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Travel Tales

My first trip that required a passport was to New Zealand in 19-something-something. I recorded that six-week trip carefully in a beautiful journal, faithfully recording each day’s events in neat block print in erasable ink.
I recorded my journey to Tanzania and my trip around Europe in similar fashion. While they look lovely lined up on my bookshelf, it’s a little hard to share them with the masses.
By the time I visited Ireland for the third time I was packing a laptop and happily blogging and sharing my adventures with the world. Or at least my family. I have since written travel blogs in Korea and Armenia. Rather than direct you to those pages I have taken some of the highlights of each blog and present them here for your reading pleasure. To read the full story click on the highlighted link at the end of each post.

Ireland 2007: The Mature Hosteler

Renvyle Castle is the perfect backdrop for a Connemara pony. ©Marcie Miller

Renvyle Castle is the perfect backdrop for a Connemara pony. ©Marcie Miller

It’s so easy to get stuck in a rut. We all have our patterns and set routines, some to get us to work or to school on time, others just to get us through the day. It’s also easy to get bent out of shape when our routine is upset – the alarm doesn’t go off, the toast gets burnt, someone takes your seat on the bus. Grrr!
Travel changes that. While you may make the most detailed travel plans since Columbus, well, like that fateful voyage, things don’t always work out the way you planned. Sometimes they work out better.
Full post: The Mature Hosteler

Ireland 2011: Silent Sentinels of the Beara

The Ballycrovane Ogham Stone on the Beara Peninsula, County Cork, is the tallest in Europe, at 17 feet. ©Marcie Miller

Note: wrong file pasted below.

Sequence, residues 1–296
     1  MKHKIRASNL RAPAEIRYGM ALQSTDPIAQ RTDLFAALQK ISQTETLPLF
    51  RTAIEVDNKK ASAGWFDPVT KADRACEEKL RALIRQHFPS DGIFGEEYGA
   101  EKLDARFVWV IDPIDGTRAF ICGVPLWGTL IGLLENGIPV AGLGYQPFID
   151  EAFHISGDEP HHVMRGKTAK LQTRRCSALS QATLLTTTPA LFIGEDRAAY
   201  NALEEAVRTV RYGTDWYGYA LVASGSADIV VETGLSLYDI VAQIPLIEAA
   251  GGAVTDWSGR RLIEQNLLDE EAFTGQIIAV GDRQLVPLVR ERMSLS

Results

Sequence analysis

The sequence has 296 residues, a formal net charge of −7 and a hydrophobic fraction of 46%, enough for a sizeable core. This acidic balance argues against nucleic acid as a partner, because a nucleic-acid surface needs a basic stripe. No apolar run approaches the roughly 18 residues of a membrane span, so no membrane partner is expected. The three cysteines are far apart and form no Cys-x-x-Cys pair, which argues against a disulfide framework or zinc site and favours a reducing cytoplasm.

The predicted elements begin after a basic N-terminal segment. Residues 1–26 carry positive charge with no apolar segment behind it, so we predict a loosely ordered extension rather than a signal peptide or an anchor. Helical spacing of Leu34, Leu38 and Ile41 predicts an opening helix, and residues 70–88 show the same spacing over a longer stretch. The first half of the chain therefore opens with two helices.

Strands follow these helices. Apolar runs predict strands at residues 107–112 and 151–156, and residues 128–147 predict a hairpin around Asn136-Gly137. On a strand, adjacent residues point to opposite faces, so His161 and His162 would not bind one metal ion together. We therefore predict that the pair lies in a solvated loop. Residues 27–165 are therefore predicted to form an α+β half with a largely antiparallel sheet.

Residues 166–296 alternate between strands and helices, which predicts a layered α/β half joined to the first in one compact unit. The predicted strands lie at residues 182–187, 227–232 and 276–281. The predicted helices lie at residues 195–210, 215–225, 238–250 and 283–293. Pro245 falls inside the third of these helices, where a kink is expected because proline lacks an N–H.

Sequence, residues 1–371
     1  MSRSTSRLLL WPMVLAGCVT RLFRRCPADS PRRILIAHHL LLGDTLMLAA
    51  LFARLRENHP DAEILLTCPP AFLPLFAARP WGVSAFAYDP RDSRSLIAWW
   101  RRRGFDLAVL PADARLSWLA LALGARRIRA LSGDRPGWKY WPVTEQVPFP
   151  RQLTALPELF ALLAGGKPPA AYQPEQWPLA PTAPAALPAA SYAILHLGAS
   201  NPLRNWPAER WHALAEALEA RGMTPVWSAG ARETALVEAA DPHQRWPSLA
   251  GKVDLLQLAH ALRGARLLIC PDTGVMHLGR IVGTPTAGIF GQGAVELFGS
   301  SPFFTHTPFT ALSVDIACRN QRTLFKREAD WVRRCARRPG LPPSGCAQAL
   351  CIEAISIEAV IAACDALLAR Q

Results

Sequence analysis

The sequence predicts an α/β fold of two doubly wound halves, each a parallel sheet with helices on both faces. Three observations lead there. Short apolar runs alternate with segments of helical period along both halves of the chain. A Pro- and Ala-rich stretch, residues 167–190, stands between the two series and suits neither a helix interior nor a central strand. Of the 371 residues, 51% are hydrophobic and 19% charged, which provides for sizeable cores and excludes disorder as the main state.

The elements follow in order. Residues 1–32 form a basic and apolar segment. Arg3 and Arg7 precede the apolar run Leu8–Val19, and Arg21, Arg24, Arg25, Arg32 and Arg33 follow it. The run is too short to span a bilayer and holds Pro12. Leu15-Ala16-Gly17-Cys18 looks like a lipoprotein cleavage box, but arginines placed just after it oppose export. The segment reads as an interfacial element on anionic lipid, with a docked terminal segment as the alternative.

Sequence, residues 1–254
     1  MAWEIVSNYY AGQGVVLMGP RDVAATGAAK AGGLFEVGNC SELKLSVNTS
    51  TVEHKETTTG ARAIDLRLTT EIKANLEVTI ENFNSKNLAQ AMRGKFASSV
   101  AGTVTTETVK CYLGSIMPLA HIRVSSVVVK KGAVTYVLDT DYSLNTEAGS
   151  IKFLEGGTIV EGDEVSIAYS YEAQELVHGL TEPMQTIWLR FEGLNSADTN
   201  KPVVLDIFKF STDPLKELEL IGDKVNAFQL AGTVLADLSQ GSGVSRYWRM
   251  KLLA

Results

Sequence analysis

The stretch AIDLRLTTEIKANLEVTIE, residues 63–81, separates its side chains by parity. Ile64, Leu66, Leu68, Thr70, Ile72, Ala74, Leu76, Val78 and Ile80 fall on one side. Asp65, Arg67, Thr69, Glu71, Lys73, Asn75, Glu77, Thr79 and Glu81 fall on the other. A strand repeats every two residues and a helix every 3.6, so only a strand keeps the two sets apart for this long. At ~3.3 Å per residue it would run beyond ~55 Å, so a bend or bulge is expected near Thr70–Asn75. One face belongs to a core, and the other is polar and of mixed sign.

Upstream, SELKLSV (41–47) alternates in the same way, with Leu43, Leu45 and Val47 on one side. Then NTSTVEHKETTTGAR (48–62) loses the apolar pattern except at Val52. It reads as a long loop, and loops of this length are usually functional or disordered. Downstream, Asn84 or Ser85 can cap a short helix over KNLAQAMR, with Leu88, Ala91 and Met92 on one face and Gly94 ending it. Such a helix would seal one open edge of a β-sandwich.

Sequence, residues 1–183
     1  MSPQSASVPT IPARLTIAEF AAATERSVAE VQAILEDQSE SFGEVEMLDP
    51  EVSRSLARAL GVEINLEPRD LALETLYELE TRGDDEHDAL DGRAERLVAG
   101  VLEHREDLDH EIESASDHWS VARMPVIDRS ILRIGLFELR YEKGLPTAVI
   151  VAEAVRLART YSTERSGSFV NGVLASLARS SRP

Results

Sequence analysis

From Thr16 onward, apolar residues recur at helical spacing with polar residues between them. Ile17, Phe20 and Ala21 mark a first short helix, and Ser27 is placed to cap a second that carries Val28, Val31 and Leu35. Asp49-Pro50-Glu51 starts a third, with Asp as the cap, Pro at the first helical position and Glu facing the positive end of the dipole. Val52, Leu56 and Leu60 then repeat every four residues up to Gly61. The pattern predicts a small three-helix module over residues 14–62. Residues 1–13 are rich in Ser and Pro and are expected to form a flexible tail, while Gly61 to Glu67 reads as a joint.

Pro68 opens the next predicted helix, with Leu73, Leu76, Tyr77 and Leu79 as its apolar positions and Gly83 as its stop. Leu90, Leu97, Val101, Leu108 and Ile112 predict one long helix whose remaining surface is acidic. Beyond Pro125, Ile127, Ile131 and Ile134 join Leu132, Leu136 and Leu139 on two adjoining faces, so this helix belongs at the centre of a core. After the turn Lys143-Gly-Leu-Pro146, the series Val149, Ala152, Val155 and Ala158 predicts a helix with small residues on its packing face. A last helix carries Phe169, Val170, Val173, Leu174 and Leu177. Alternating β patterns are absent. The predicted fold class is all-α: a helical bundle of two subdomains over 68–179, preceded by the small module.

The Ballycrovane Ogham Stone on the Beara Peninsula, County Cork, is the tallest in Europe, at 17 feet. ©Marcie Miller

The Beara peninsula, jutting out in the Atlantic on Ireland’s southwest corner, bristles with stone circles, wedge tombs and other megalithic stone monuments left behind thousands of years ago by prehistoric people. Most of them are estimated to be at least 3,000 years old. Many are just a short walk from the road, but the Beara Way walking trail yields many more.
I had the rare privilege of having an expert on the subject give me a personal tour of sites that are not marked on maps at all, plus I visited a few that are off the tourist track, but well worth the effort to sleuth out.
Full post: Silent Sentinels

Korea 2008: Thanksgiving with Buddha

A Buddhist hermitage on the slopes of Mt. Halla, Jeju-do, Korea, welcomes visitors of all kinds. ©Marcie Miller

A Buddhist hermitage on the slopes of Mt. Halla, Jeju-do, Korea, welcomes visitors of all kinds. ©Marcie Miller

Thursday, Nov. 28. Thanksgiving. Or, as they say in Korea, “Thursday, Nov. 28.” Of course they don’t celebrate Thanksgiving here. No turkey. No stuffing. No pumpkin pie. Sniff sniff.
Oddly, today’s sixth grade class started a chapter on giving and accepting invitations, with “Thanksgiving Day” as an example. The teacher asked me to talk about the uniquely American tradition, and the kids were really curious. So, with the smell of cow bone soup (really) drifting into the classroom from the cafeteria, and a cold, driving rain outside, I regaled them with tales of juicy roast turkey, freshly baked pumpkin pie and all the trimmings. I skipped the watching football part, because I don’t like football.
Full post: Buddhist Thanksgiving

Japan 2009: A Study in Contrasts

Japan's largest wooden Buddha is in Fukuoka. ©Marcie Miller

Japan’s largest wooden Buddha is in Fukuoka. ©Marcie Miller

Tocho-ji Temple in Fukuoka, Japan, is home to Japan’s largest wooden Buddha. Photo copyright Marcie Miller
I am in Fukuoka (Foo-koo-OH-kah), Japan as I write this, sent here on what is fondly known among foreign teachers in Korea as a “visa run.” How it works: fly to Fukuoka, being the closest port from Jeju, drop off your passport and new visa application at the Korean embassy, shop and eat in lovely Fukuoka for a day, pick up your passport with the shiny new visa stamp the next day, fly back to Korea.
I got here Sunday afternoon and dropped off my application at 9 this morning (Monday), so I’ve had all day to look around. I gotta say, it’s pretty cool here. Compared to Jeju, the sidewalks are wider and in better repair, traffic is quieter, with almost no honking and I haven’t been nearly run over at all.